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MCPS students outperformed peers in Maryland and nationwide by significant margins on the ACT

September 27, 2017

For the past five years, MCPS graduates have outpaced the state in performance on the ACT college readiness exam. The average composite score for MCPS class of 2017 was 25.1, a steady increase from 23 in 2013.  Participation among MCPS students has also increased, from 3,181 in 2013 to 4,230 in 2017.  Nearly 40 percent of MCPS graduates in the Class of 2017 took the ACT, which represents an increase of almost five percentage points compared to the Class of 2016.

MCPS Class of 2017 graduates outscored their state peers in each of the four subject areas: English, mathematics, reading and science. In examining the percentages of students ready for college-level coursework as determined by ACT, Inc., 82 percent of the Class of 2017 met the English composition benchmark of at least an 18 on the ACT English test. This is an increase of 3 percentage points compared to last year.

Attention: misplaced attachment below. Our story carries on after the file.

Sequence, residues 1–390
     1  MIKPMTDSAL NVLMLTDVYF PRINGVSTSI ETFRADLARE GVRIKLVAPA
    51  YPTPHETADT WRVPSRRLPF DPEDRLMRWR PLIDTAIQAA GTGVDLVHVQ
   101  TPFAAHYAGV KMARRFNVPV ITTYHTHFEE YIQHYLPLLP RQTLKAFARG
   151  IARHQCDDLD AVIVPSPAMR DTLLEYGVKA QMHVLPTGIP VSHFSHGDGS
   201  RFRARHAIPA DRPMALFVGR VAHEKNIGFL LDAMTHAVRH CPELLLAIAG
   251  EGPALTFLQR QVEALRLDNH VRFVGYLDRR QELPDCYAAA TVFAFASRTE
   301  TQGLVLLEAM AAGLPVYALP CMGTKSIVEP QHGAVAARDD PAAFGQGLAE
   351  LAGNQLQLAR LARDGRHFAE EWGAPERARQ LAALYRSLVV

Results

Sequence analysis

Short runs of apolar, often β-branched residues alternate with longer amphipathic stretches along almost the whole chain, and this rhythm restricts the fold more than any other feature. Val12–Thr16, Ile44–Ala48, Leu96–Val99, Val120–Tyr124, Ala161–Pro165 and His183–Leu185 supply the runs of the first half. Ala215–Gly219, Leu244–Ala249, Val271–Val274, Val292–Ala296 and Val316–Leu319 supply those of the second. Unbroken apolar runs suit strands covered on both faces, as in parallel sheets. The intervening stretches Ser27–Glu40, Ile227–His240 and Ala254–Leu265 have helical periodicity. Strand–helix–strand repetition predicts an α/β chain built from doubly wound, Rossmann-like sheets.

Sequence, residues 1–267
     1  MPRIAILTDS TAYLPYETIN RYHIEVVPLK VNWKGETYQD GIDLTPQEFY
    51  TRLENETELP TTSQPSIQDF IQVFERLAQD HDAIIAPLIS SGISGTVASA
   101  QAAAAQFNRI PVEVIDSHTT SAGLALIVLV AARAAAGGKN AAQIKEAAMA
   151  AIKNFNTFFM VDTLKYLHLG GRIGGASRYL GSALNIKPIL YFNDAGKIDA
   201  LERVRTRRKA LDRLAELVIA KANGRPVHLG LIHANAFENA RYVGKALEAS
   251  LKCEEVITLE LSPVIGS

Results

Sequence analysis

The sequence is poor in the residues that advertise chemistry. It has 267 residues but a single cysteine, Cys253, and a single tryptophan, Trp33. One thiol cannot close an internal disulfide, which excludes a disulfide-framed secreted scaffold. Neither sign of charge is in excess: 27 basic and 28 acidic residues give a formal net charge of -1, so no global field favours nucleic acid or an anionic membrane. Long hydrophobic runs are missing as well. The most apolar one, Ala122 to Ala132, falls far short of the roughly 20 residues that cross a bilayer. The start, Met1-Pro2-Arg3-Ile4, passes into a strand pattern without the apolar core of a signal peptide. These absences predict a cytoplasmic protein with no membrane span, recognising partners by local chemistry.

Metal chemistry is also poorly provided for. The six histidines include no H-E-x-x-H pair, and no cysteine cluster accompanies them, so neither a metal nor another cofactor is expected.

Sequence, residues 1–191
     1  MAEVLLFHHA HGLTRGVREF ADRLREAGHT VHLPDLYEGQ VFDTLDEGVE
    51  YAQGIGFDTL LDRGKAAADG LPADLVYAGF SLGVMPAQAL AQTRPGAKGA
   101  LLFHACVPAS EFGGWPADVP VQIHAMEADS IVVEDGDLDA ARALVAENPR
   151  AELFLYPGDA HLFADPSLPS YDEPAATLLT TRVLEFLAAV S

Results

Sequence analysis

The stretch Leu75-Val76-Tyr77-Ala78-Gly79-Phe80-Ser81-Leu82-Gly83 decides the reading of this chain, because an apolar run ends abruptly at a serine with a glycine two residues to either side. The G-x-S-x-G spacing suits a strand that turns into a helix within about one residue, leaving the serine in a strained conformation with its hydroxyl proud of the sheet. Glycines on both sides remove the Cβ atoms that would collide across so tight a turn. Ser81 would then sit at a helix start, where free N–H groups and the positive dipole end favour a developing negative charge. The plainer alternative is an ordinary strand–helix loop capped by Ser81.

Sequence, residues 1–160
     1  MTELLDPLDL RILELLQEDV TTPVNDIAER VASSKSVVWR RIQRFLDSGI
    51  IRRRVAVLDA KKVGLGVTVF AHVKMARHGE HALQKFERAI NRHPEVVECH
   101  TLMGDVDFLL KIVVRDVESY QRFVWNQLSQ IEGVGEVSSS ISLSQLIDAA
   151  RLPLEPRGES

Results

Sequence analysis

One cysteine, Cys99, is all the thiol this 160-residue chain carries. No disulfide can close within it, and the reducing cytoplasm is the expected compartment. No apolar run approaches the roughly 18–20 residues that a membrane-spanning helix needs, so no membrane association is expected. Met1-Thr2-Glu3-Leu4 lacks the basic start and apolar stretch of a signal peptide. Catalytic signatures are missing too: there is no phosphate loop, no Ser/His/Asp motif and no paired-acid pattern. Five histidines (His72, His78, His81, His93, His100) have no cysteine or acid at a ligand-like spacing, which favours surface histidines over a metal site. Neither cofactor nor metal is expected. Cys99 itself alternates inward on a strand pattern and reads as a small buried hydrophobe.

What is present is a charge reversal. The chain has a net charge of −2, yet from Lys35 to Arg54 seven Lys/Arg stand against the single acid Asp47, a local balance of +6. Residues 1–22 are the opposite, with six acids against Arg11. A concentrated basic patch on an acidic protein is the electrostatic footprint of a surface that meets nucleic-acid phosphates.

Additionally, 68 percent met the college Algebra benchmark (1 percentage point increase), 72 percent met the Social Science benchmark (5 percentage point increase) and 63 percent met the Biology benchmark (2 percentage increase). 

According to MCPS data, 40 percent of graduates from the Class of 2017 took the ACT, which represents an increase of 4 percentage points over the previous year. For the past four years, the percent of graduates taking the ACT has hovered around 30 percent.  ACT participation also increased among all racial groups:

 

% Participation

   
 

2016

 

2017

   

Asian

35.8

 

41.3

 

5.5

Black / African American

31.8

 

32.9

 

1.1

Hispanic

18.6

 

20.2

 

1.6

White

49.5

 

57.3

 

7.8

 

ACT, Inc. reports that 55 percent of the Class of 2017 met all four college readiness benchmark scores (an increase of 3 percentage points). The benchmark scores established by ACT indicate a 50 percent chance of obtaining a B or higher or a 75 percent chance of earning a C or higher in the corresponding credit-bearing college course.

The ACT is important for students because most four-year colleges and universities use ACT scores as part of their admissions process. Scored on a 36-point scale, the test is designed to measure academic learning and identify student readiness for college and career. It focuses on skills and knowledge deemed important by high school teachers and instructors of first-year college courses.

 

 

 

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